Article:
Player Interviews

Dan Vitale: ‘If I got drafted by the Chargers…’


The Chargers are in the market for a true fullback who can ignite the running game and help Melvin Gordon get back on track. The team met with an enticing candidate during Senior Bowl week: Dan Vitale.

Vitale (6’2”, 235 lbs.) was a four-year starter at Northwestern, where he served as the team’s “superback.” It’s a unique role that required him to do everything from running to iso blocking to pass catching. It was not uncommon to see him lined up as the fullback in an I-formation on one play, then deployed as the slot receiver on the next.

He is actually quite accomplished as a receiver, having caught 135 passes for 1,427 yards and 11 touchdowns during his college career. In fact, scouts believe he runs better routes than some of the receivers in this draft class.

That kind of versatility has him well suited to be a “new generation” fullback.

Said Vitale of the fullback position in the NFL: “I would definitely say it’s moving more towards that H-back route, which is what I played pretty much in college. That’s definitely a strength of mine, being able to run the ball, get out there and catch passes and block in space. I can still be a hard-nosed football player, too, running down hill and popping somebody every once in a while. It’s pretty cool being able to do all of that now as a fullback.”

Vitale was able to showcase all of those skills during Senior Bowl week. He was a member of the South Team, where he worked closely with Jaguars running backs coach Kelly Skipper. He and Skipper focused on improving his downhill blocking with the objective of showing teams he can be a true fullback.

Vitale recalls a wild week in which the schedule was packed every day with team meetings and job interviews. One team that spoke with Vitale was the Chargers, who can offer the opportunity to lead block for last year’s first-round pick, Melvin Gordon.

The idea clearly excited Vitale.

“He’s a phenomenal football player,” said Vitale of Gordon. “I remember watching him as another Big 10 guy and seeing all the success he had over the course of his career. Being able to block for a guy like that makes my job a lot easier as a fullback. If I got drafted by the Chargers, I would definitely try to open up some lanes for him and make him the best running back in the NFL.”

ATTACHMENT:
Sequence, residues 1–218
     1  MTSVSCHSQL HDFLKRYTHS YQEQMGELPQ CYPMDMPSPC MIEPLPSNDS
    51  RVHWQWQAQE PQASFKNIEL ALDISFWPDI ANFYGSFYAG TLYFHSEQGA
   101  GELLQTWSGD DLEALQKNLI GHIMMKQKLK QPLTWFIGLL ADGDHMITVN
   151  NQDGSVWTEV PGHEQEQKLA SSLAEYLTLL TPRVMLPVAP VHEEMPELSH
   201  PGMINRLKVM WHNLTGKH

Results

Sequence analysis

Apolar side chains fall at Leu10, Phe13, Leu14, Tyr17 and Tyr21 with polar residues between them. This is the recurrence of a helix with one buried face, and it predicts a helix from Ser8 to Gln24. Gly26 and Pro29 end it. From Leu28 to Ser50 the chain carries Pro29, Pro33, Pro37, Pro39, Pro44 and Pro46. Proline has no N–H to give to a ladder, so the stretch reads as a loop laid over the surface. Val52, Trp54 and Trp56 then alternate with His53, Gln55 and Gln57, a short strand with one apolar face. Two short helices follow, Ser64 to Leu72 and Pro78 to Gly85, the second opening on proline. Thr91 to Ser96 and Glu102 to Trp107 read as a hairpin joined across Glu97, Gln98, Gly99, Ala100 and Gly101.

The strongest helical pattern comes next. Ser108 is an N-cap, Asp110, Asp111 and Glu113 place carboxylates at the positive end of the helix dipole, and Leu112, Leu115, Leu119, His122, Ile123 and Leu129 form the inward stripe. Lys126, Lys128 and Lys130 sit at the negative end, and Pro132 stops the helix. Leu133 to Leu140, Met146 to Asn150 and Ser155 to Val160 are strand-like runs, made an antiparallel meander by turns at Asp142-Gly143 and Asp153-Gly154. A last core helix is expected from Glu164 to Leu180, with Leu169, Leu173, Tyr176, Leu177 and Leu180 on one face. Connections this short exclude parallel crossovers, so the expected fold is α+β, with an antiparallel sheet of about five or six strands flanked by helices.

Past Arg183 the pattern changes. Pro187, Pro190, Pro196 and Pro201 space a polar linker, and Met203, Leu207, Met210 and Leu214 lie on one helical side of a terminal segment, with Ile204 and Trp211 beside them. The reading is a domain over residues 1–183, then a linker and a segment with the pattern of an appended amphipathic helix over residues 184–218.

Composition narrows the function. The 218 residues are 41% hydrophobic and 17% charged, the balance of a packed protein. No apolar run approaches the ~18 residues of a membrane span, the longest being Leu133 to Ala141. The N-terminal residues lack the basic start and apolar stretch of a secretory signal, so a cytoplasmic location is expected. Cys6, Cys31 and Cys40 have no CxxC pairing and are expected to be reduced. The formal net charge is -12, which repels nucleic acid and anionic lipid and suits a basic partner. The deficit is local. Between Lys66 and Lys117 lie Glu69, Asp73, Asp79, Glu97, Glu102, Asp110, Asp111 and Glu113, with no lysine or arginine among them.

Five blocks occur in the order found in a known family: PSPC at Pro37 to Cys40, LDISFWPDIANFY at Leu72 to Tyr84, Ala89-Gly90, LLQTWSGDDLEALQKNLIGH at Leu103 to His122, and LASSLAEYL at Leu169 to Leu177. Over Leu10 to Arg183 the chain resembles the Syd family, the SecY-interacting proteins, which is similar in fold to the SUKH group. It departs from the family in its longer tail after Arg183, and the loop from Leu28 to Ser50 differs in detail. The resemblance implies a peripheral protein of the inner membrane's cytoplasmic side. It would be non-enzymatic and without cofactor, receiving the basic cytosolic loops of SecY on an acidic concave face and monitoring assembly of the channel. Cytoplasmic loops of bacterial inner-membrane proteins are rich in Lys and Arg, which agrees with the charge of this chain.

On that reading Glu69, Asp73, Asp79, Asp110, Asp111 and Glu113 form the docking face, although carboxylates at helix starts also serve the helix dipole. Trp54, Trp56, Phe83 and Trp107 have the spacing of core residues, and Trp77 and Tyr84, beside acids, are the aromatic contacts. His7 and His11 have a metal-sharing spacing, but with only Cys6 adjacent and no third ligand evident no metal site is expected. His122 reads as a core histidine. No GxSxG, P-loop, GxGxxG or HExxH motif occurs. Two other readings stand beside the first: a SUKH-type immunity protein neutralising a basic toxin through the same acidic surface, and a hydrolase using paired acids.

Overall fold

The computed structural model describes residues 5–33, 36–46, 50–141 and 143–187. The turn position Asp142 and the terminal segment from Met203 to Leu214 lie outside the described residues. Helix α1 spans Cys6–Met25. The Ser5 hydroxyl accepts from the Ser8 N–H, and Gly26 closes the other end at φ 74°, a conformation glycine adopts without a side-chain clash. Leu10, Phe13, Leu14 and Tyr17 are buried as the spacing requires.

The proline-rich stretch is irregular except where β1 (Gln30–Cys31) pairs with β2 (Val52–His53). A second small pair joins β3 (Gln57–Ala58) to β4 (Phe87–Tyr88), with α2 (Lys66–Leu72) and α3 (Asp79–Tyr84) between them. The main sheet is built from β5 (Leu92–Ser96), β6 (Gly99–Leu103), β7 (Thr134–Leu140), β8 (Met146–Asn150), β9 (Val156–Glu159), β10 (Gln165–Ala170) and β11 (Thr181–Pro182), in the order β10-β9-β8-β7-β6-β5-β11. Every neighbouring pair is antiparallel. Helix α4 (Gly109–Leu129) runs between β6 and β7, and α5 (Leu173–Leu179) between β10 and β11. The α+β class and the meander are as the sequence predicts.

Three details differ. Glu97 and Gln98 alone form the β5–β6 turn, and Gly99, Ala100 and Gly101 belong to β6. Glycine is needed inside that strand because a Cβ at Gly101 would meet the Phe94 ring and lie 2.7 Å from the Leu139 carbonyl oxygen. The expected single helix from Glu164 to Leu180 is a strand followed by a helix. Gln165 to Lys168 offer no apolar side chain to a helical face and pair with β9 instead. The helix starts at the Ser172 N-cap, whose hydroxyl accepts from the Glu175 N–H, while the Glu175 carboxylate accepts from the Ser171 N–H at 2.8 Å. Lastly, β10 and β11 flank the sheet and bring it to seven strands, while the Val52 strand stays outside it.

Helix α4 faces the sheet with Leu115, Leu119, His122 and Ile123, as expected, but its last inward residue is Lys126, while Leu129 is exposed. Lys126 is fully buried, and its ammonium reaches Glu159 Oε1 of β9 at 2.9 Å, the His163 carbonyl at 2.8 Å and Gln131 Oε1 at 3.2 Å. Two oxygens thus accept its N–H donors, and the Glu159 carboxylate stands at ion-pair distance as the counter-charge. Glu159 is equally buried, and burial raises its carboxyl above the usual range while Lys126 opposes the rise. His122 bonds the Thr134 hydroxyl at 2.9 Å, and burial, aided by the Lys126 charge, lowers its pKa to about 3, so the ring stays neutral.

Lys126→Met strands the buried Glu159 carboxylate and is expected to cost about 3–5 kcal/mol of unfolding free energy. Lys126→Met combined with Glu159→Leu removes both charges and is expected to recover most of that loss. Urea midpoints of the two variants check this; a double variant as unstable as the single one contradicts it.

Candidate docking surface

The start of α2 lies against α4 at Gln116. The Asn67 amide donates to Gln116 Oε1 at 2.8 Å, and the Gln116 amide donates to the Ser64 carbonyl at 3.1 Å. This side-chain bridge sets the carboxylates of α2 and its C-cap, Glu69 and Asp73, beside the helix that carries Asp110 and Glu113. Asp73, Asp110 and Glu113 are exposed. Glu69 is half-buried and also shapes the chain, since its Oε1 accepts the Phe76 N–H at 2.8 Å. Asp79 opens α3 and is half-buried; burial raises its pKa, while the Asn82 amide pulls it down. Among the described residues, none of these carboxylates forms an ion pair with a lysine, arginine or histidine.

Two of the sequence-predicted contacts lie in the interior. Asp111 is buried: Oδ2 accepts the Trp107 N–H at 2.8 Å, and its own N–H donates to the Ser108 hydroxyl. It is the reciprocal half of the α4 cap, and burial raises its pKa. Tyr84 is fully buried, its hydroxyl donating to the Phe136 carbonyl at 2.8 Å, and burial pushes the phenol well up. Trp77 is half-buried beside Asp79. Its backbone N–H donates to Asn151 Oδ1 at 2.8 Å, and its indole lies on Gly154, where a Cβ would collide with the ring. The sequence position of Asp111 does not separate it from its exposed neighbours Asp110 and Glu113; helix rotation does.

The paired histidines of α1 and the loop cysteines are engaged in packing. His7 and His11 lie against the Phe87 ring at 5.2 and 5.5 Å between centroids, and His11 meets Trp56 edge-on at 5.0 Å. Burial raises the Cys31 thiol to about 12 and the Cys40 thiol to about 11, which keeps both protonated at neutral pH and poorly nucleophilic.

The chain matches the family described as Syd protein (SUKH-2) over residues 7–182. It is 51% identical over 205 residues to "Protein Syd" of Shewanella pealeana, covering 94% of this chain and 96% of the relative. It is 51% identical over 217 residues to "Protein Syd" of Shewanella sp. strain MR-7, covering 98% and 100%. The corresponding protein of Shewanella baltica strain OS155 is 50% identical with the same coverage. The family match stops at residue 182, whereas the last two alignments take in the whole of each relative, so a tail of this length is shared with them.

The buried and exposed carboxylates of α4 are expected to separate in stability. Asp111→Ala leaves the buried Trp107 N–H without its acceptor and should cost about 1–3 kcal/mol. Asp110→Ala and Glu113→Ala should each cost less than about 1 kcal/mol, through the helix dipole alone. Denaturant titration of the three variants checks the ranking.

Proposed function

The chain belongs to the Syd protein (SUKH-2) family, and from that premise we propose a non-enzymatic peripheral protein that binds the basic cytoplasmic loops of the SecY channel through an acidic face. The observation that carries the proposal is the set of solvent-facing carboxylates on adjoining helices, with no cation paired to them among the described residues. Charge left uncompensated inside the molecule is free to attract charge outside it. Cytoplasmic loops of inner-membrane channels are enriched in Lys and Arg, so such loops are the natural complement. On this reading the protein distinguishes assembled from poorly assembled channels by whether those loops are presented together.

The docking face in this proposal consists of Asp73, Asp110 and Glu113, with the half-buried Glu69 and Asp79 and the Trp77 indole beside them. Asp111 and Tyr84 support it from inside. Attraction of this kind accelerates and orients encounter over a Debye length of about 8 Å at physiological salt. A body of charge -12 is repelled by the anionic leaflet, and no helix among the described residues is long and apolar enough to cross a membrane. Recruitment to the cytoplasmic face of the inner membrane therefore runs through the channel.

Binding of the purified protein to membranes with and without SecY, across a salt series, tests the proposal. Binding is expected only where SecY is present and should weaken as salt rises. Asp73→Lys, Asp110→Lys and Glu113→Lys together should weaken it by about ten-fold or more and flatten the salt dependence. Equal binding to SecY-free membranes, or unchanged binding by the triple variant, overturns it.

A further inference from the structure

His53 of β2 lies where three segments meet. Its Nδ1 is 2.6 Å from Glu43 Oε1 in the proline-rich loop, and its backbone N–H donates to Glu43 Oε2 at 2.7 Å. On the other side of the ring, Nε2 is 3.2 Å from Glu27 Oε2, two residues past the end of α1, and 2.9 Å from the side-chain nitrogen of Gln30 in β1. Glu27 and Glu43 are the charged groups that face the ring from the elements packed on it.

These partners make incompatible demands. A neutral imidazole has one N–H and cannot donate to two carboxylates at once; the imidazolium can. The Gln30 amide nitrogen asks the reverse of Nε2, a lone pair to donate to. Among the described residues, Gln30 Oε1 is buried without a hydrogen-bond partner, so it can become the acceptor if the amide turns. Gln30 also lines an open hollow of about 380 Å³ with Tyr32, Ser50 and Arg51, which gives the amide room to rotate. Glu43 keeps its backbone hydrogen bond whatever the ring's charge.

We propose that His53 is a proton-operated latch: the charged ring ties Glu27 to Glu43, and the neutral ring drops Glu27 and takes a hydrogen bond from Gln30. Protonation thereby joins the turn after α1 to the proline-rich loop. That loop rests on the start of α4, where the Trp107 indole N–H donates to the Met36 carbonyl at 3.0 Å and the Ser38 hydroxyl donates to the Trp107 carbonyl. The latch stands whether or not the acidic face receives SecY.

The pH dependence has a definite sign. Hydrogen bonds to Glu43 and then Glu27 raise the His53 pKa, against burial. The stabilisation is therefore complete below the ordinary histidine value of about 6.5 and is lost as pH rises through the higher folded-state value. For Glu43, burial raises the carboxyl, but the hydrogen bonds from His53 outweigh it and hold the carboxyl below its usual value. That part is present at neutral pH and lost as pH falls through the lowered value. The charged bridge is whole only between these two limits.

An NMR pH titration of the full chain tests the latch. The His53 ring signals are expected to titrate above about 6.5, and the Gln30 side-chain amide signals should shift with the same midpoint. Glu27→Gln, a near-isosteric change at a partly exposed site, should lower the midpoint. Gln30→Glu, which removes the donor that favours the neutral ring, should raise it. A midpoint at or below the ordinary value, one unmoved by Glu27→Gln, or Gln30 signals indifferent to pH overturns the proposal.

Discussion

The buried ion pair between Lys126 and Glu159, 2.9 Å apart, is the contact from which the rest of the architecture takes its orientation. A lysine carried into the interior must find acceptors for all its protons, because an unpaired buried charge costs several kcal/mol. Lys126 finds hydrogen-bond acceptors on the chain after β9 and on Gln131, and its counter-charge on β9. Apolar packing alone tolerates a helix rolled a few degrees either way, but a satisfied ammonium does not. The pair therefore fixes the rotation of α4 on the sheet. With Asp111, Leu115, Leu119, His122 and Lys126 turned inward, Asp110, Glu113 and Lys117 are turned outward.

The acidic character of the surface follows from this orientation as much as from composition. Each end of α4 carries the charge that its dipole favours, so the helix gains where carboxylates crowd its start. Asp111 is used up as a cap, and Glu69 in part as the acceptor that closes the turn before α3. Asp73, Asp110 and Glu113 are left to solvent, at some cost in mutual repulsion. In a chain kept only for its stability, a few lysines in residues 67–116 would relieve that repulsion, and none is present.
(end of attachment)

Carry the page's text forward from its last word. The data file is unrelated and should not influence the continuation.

The idea of Vitale winning the starting fullback job in San Diego and escorting Gordon through running lanes is exciting to think about, but in the NFL, you have to crawl before you can walk. In this case, that means cutting your teeth on special teams before you earn significant reps on offense.

All NFL fullbacks are expected to contribute on special teams. It’s a reality Vitale is already embracing.

“Special teams are essential to the fullback position on an NFL roster,” he said. “I played special teams all four years I was at college. It kind of dwindled a little bit as I got older, just because I was playing 60-plus plays per game, but I definitely have that experience. As a ‘superback’ like I was at Northwestern, I’d put my body on the line and fly around. That’s the kind of player I am and that’s what it takes on special teams. I’m not worried about being able to do it … I’m just looking forward to the opportunity.”

If that opportunity comes with the Chargers, it will happen on the third day of the draft. Vitale can expect to hear his name called in one of the final two rounds.

Tom Telesco has struck out in the seventh round so far in his tenure as general manager. In 2013, he selected QB Brad Sorensen, even though Sorensen would almost certain to go undrafted and planned to sign with San Diego as a free agent. In 2014, Telesco picked Tevin Reese, who never spent a day on the 53-man roster. Last year, the team had no seventh-round pick.

If Telesco wants to get off the seventh-round schneid, he would do well to take a chance on Vitale, assuming the “superback” is still on the board at that time.

About Michael Lombardo

Michael Lombardo has covered the San Diego Chargers since 2003. He spent 12 years covering the team for and has been published by the NFL Network, Fox Sports, Football Insiders and MySpace Sports.

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